Although several studies indicate that drinking is responsive to price, little work has focused on whether prices have a differential effect on light, moderate, or heavy drinking. This study examines the price responsiveness of the demand for alcohol: whether heavy drinkers are less sensitive to price than light or moderate drinkers. The study uses data on alcohol consumption on the 1983 National Health Interview Survey. The results indicate that both light and heavy drinkers are much less price elastic than moderate drinkers. Further, we cannot reject the hypothesis that the very heaviest drinkers have perfectly price inelastic demands.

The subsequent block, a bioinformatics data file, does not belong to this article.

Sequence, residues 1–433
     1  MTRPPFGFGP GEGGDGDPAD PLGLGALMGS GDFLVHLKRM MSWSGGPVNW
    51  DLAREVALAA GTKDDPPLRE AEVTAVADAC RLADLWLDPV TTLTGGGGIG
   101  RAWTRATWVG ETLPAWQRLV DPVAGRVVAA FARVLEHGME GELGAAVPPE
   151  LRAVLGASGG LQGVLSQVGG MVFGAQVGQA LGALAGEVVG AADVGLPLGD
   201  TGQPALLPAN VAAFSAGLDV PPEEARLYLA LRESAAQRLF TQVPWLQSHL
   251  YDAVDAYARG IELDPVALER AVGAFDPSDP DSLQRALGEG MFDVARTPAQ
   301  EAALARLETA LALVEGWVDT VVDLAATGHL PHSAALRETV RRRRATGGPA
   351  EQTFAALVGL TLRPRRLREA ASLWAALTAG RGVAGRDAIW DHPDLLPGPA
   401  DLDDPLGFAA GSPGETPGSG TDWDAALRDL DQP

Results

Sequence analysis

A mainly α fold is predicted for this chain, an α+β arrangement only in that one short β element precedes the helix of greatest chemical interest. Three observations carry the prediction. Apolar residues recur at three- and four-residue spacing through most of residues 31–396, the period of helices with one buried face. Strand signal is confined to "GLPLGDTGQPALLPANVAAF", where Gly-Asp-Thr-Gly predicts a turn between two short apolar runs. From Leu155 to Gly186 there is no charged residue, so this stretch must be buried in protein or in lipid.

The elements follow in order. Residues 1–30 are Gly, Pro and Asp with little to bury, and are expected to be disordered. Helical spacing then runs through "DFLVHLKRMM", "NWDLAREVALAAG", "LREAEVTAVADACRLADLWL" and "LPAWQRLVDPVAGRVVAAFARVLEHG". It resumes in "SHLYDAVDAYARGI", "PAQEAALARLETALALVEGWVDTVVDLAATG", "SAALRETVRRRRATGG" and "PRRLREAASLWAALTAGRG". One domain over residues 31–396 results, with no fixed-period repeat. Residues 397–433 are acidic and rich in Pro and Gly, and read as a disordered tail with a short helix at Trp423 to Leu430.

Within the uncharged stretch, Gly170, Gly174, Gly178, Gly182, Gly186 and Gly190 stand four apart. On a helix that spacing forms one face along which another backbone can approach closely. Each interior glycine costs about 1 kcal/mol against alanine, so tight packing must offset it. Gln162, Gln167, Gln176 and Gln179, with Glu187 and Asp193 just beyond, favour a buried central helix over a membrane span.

- Price elasticity of demand
- Quantile regression
ASJC Scopus subject areas
- Health Policy
- Public Health, Environmental and Occupational Health